December 28, 2009

The Stare-Down

Have you ever been secretly intimidated by a piece of literature?

And I don’t mean “secretly” as in being intimidated but not admitting it to your book club, I mean “secretly” as in being in denial about it. You keep meaning to read something, let’s say A Midsummer Night’s Dream. You know you should read Shakespeare because he is the father of modern theatre and the English language as we know it. You know you should read this particular play because it is a staple of theatre companies everywhere. It’s a comedy with lots of fun elements- no heavy-hearted Othello or Lear. Maybe you’ve heard of some of the characters before; Puck, the lovers Hermia, Helen, Demetrius or Lysander, Oberon, Titania. Or maybe you’re even a Greek history buff and want to read another take on the Theseus/Hypolyta story.

But for some reason, some reason unbeknownst to yourself, some ethereal reason that you can’t put your finger on, you just never read this particular work of literature. Even though you should. Even though culture tells you to. Even though your better sense tells you to. You may page through the book every time you pass it in the bookstore. You may even go so far as to purchase the volume. But, despite the piece beckoning you, you just don’t do it.

That’s been my relationship with The Handmaid’s Tale for the past week. I was supposed to be on a strict fifty-page-a-day regime over the winter break before the craziness of my jam-packed semester started. However, the holidays hit and I took some time off. Then it became “Oh, I’ll read it tomorrow”. And that’s gone on since I finished Heart of Darkness.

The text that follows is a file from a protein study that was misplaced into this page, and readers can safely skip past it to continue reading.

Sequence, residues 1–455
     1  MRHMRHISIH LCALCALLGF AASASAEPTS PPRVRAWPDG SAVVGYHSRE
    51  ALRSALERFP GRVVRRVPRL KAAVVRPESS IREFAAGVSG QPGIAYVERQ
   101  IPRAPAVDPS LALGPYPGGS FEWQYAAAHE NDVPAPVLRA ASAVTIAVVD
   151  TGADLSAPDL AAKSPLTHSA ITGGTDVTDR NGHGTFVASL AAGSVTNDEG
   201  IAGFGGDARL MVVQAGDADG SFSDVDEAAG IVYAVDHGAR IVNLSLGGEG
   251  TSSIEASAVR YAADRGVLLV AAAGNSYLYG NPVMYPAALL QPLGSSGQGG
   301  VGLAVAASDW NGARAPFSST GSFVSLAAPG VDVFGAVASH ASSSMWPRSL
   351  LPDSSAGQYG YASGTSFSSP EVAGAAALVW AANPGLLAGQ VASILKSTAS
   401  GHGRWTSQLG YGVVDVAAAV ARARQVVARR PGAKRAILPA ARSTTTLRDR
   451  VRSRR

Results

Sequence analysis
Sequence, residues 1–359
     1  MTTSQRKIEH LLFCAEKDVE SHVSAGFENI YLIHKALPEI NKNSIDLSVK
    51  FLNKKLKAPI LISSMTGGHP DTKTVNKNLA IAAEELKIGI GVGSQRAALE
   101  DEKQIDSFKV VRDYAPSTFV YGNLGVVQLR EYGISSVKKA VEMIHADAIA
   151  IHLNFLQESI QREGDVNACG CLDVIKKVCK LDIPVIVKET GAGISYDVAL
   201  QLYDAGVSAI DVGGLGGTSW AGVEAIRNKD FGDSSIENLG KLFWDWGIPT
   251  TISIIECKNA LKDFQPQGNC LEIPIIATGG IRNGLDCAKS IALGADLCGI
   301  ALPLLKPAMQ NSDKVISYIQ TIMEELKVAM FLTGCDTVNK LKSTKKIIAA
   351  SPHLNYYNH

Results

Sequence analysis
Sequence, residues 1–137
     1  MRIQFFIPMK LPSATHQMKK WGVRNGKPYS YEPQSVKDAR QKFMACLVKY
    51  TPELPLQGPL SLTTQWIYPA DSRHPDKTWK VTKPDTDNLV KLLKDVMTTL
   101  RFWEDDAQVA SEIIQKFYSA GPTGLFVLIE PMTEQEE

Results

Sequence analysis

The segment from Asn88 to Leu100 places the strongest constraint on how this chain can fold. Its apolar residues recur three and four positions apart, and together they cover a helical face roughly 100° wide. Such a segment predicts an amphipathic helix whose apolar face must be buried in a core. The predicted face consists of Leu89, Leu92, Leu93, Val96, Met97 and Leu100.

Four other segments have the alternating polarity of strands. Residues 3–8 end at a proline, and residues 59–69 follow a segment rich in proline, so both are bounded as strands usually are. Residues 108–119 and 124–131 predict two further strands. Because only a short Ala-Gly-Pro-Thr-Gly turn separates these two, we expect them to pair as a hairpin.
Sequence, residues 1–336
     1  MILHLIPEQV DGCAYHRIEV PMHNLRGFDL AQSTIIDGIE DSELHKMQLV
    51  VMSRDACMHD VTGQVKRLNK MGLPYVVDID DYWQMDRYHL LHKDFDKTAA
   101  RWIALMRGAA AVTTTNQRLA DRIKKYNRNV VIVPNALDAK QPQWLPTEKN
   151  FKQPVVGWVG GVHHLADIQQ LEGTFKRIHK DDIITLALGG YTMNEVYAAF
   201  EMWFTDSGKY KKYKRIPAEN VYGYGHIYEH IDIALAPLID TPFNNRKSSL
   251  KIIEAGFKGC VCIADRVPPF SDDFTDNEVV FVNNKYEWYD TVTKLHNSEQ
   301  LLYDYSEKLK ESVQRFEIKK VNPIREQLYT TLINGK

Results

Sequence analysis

I don’t know what it is about this book. It’s a friendly book. Not too thick. If I put my mind to it, it’ll be finished in a matter of a few days. The subject matter doesn’t seem too terribly dry, the language isn’t dense or archaic, the story is renowned and well-written… there shouldn’t be anything stopping me from picking up this book and giving it the good ol’ Graduate School try. Somehow though, I’ve been finding ways to push dear Meg from my schedule day after day.

Well, I can no longer hide from her. I have a week before I begin my position TAing over winter break, and that means only seven days of unadulterated literature with nominal other demands upon my time.

There’s no more hiding, running or avoiding. There’s no more calling apologetically and promising to reschedule. There’s no more setting her up with a friend hoping that she likes him better than she likes me because I can’t stand to see the look on her face when I miss our appointed coffee meetings together. Tomorrow I have a date with Margaret Atwood.

No comments: